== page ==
At the beginning of the year, most international business development professionals start out with lofty goals and plans to “crush” their targets. All too often though, I see them caught up in the minutiae of day to day and they are more passenger than driver of their annual results…How can you get ahead of the game?
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Be the Driver, not a Passenger
What can you do at the start of the year to get off to a great start, without being a complete “I have to hustle 24/7” kind of person? It’s all too easy to fall into a gentle start to a new year, and lose sight of the fact that the actions you take today will be driving your results in 6-9 months time in your international markets so there’s really no time to lose. On the other hand, you don’t want to feel like the slave driver towards your distributors…
You need to be in the driving seat though, and not a passenger. The analogy of a tesserarius (the guy setting the pace and maintaining the rhythm by playing a drum on a roman naval slave galley) is also apt in the sense that the function is similar – not in the slave aspect obviously. However he played crucial role in coordinating the rowers and ensuring efficient propulsion of the ship. The rhythmic drumming helped synchronise the rowing movements of the slaves, optimising the ship’s speed and manoeuverability. As an international business development manager, that is also your function in your sales area – to make sure that the business is moving in the right direction at the right speed whilst remaining nimble enough to adapt to circumstances.
The driving analogy is more fitting in the 21st century though, even though the heyday of sales professionals obsessing about their cars is past.
Why is it so hard?
It can be tough though in Q1, especially if you’re working with Asian markets.
Firstly, you have Q4 as a stressful period when you need to hit your goals, get all those deliveries out of the door (especially if you work in food and beverages!) before the Customs close for Christmas or containers treble in price… Also if you are working with Asia, you have to time containers so that they arrive before the new year (if you need the stock to sell at that time). Probably you’re also in the finishing hectic of your annual budgets and you might not have time to really reflect on what actions you need to take or changes you need to make to get the year off to a great start.
You come back after Christmas, potentially now in a mental space to do that reflection, but there are day to day issues that need to be dealt with and of course you need to get off the starting blocks as far as sales are concerned. Your mindset is going to be key!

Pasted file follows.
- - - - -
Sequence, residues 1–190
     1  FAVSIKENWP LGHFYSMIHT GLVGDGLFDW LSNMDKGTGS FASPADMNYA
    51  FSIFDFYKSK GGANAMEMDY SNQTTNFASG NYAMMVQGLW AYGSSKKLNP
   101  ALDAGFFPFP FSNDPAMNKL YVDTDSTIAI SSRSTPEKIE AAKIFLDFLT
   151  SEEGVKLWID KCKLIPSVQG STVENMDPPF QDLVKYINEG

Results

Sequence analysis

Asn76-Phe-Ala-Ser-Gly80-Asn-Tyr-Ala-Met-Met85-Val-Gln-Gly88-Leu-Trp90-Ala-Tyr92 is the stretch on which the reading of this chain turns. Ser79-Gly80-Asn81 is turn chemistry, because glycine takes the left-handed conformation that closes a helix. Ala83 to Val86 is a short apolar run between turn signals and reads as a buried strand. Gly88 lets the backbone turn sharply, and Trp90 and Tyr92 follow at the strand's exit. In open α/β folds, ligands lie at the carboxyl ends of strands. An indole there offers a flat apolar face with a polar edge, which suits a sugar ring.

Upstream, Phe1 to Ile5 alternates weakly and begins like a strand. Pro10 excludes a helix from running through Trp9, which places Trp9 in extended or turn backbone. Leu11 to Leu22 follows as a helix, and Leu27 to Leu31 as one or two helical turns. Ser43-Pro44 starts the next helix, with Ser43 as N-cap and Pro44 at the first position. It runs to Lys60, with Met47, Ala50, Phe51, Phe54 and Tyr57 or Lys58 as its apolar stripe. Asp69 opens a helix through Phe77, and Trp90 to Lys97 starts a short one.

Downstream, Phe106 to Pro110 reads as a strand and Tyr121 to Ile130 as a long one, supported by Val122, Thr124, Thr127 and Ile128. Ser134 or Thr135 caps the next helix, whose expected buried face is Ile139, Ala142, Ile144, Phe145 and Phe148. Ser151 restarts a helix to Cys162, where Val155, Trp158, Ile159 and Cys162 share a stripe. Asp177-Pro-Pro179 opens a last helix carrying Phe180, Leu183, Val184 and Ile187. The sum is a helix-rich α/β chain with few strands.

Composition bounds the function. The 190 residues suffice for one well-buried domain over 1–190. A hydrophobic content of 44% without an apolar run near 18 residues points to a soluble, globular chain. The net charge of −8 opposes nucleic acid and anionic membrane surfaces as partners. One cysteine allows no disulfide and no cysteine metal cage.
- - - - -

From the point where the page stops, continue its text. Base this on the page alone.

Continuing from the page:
Why is the driver theme so important for international business development managers?
The driver is a metaphor for taking control, taking intentional action, being responsible. It’s important to recognise though that you don’t have control over everything. If you were driving in a car you also don’t have control of everything. You do have control over how you are responding. You are controlling yourself, how you steer the vehicle, how you set your speed, braking and accelerating, how you define your direction, how you respond and react to certain individual circumstances.
Maybe spend some time thinking about how you can take this driving theme and apply it to your specific situation. I’m going to be looking at 8 aspects that you could consider in more detail.
How can you drive your vision and goals?
If you are a head of export in any food and beverage company, then chances are that you have a vision for how you want 2024 to look. And that vision should be in alignment with the greater strategy and vision of the company that you’re working with. However, just because you have a vision for how the year should pan out, it doesn’t mean that you really know the route to get there. It’s just that you have this kind of North Star that you’re heading for.
What you now need to do is to make sure that you can bring your team and distribution partners on board to make it clear to them really, what it is that you are looking to achieve in the year ahead, even if the specifics of the details are not yet clear. That sounds very high level & abstract but in many cases, you’re looking to really showcase your values. When you work with export partners it can be very difficult to actually get people to understand the greater vision, more than simply the numbers, and both sides, looking to be mutually profitable.
This north star can help you to drive forward in a positive and meaningful manner towards an ideal destination. Consider how you can drive your vision forward?
Driving Growth & Profitability